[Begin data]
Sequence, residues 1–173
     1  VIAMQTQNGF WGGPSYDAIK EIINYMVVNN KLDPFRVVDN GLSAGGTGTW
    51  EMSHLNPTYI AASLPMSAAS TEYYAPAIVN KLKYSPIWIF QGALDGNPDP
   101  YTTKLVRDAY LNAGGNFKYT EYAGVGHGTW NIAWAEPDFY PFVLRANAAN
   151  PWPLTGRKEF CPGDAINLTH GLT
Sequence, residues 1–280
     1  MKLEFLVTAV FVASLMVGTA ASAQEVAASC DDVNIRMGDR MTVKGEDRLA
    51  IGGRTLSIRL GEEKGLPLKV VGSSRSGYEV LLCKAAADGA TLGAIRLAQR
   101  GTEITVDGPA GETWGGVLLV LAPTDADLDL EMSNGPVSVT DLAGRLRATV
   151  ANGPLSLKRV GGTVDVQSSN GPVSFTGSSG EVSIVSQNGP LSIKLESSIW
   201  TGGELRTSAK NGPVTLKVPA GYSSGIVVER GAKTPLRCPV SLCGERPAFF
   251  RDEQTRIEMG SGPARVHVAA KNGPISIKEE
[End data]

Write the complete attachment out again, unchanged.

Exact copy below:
Sequence, residues 1–173
     1  VIAMQTQNGF WGGPSYDAIK EIINYMVVNN KLDPFRVVDN GLSAGGTGTW
    51  EMSHLNPTYI AASLPMSAAS TEYYAPAIVN KLKYSPIWIF QGALDGNPDP
   101  YTTKLVRDAY LNAGGNFKYT EYAGVGHGTW NIAWAEPDFY PFVLRANAAN
   151  PWPLTGRKEF CPGDAINLTH GLT
Sequence, residues 1–280
     1  MKLEFLVTAV FVASLMVGTA ASAQEVAASC DDVNIRMGDR MTVKGEDRLA
    51  IGGRTLSIRL GEEKGLPLKV VGSSRSGYEV LLCKAAADGA TLGAIRLAQR
   101  GTEITVDGPA GETWGGVLLV LAPTDADLDL EMSNGPVSVT DLAGRLRATV
   151  ANGPLSLKRV GGTVDVQSSN GPVSFTGSSG EVSIVSQNGP LSIKLESSIW
   201  TGGELRTSAK NGPVTLKVPA GYSSGIVVER GAKTPLRCPV SLCGERPAFF
   251  RDEQTRIEMG SGPARVHVAA KNGPISIKEE